13th, 14th Amendments Do Not Protect Against Private Acts Of Racial Discrimination

1906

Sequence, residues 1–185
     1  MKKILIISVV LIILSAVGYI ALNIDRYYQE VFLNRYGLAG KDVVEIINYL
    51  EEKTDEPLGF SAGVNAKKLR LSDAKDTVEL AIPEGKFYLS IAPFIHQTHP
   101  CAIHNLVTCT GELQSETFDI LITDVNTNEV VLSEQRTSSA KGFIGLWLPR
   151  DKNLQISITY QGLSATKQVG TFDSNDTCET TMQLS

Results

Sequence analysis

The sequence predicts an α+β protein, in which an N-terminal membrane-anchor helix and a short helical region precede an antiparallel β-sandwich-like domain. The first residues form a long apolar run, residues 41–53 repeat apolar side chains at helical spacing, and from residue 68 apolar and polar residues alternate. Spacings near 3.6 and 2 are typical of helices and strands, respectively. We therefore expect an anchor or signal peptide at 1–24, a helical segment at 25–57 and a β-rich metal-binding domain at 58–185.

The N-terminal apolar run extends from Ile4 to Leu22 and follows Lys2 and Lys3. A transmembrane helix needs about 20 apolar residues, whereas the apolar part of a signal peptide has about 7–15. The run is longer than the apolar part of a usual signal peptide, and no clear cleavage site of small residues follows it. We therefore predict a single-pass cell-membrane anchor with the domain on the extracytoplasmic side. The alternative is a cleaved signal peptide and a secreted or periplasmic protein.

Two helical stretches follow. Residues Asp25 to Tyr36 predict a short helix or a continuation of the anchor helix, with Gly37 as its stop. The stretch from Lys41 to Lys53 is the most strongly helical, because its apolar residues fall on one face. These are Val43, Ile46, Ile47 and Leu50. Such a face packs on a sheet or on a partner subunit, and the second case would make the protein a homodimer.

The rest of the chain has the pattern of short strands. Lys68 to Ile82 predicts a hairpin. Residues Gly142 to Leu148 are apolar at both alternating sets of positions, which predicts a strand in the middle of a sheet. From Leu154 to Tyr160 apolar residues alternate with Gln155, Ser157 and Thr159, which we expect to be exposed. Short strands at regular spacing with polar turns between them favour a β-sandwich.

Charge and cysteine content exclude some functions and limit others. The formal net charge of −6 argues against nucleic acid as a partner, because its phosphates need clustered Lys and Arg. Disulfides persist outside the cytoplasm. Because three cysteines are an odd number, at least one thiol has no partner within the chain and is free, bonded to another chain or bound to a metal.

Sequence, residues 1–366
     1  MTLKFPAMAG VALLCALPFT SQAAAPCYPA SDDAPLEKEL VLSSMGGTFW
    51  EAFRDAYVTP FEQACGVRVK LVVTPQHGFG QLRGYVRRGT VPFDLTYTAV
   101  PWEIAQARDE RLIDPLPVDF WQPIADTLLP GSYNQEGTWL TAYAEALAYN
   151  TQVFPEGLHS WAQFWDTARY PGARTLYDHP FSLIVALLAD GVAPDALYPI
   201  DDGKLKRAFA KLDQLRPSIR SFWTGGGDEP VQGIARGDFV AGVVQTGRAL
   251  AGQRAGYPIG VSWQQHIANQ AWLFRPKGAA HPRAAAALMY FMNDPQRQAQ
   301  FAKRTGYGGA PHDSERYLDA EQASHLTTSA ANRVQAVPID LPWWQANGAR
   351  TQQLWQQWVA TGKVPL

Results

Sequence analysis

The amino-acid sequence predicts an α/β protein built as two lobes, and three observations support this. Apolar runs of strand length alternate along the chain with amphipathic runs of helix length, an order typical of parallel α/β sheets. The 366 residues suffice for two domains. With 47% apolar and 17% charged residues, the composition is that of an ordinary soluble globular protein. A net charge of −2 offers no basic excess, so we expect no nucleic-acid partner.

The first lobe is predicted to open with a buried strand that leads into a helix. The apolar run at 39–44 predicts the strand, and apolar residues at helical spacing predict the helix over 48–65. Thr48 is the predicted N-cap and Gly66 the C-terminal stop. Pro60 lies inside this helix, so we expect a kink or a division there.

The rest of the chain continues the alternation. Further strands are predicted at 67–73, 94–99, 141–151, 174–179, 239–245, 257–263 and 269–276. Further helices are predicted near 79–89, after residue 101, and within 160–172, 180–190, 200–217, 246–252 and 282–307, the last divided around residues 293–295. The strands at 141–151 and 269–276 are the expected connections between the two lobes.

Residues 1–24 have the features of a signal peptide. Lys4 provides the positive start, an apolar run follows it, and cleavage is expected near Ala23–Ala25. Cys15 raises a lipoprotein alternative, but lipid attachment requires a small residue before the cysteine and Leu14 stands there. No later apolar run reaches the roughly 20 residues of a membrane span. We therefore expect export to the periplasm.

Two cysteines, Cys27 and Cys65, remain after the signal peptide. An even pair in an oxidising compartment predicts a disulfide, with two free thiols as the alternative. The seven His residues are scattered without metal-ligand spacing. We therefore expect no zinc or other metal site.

In Hodges v. United States, three men were convicted of conspiring to drive African Americans from their jobs at a lumber mill by intimidation and threats in violation of federal law. When overturning the convictions, the U.S. Supreme Court explains that neither the 14th Amendment nor 15th Amendment gives Congress or any law enforcement officials the power to regulate purely private acts of discrimination. The Court also says that the 13th Amendment has no role in this case. Although the purpose of the 13th Amendment is to abolish forced labor, it does not give the Court the power to criminalize private actions that prevent citizens of African descent from making and carrying out labor agreements. Rather, the Court holds that the conspiracy charge is a state matter and not a federal government concern.